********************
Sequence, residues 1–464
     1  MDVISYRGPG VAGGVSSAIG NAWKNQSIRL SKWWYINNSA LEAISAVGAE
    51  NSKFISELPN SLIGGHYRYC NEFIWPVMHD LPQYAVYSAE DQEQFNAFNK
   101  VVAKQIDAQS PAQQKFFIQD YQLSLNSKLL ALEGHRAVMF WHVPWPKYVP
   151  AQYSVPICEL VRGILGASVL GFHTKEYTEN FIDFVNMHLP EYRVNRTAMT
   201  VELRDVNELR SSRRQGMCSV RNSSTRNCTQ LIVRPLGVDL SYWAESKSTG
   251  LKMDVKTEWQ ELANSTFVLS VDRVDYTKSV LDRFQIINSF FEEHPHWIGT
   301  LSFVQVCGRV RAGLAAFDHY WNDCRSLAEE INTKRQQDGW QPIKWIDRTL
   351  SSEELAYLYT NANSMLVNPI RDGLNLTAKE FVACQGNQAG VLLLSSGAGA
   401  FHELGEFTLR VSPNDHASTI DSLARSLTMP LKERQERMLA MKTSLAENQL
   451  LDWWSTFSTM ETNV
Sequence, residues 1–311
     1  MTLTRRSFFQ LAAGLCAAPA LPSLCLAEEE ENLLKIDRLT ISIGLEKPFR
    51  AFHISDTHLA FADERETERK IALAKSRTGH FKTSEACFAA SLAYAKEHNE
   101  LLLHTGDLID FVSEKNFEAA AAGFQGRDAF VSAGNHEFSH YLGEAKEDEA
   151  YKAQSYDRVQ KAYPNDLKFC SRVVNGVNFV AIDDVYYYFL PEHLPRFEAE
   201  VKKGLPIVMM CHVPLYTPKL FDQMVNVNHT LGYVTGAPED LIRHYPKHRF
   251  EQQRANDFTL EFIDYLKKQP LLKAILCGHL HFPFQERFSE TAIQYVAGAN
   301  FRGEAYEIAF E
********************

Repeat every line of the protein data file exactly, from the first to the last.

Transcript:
Sequence, residues 1–464
     1  MDVISYRGPG VAGGVSSAIG NAWKNQSIRL SKWWYINNSA LEAISAVGAE
    51  NSKFISELPN SLIGGHYRYC NEFIWPVMHD LPQYAVYSAE DQEQFNAFNK
   101  VVAKQIDAQS PAQQKFFIQD YQLSLNSKLL ALEGHRAVMF WHVPWPKYVP
   151  AQYSVPICEL VRGILGASVL GFHTKEYTEN FIDFVNMHLP EYRVNRTAMT
   201  VELRDVNELR SSRRQGMCSV RNSSTRNCTQ LIVRPLGVDL SYWAESKSTG
   251  LKMDVKTEWQ ELANSTFVLS VDRVDYTKSV LDRFQIINSF FEEHPHWIGT
   301  LSFVQVCGRV RAGLAAFDHY WNDCRSLAEE INTKRQQDGW QPIKWIDRTL
   351  SSEELAYLYT NANSMLVNPI RDGLNLTAKE FVACQGNQAG VLLLSSGAGA
   401  FHELGEFTLR VSPNDHASTI DSLARSLTMP LKERQERMLA MKTSLAENQL
   451  LDWWSTFSTM ETNV
Sequence, residues 1–311
     1  MTLTRRSFFQ LAAGLCAAPA LPSLCLAEEE ENLLKIDRLT ISIGLEKPFR
    51  AFHISDTHLA FADERETERK IALAKSRTGH FKTSEACFAA SLAYAKEHNE
   101  LLLHTGDLID FVSEKNFEAA AAGFQGRDAF VSAGNHEFSH YLGEAKEDEA
   151  YKAQSYDRVQ KAYPNDLKFC SRVVNGVNFV AIDDVYYYFL PEHLPRFEAE
   201  VKKGLPIVMM CHVPLYTPKL FDQMVNVNHT LGYVTGAPED LIRHYPKHRF
   251  EQQRANDFTL EFIDYLKKQP LLKAILCGHL HFPFQERFSE TAIQYVAGAN
   301  FRGEAYEIAF E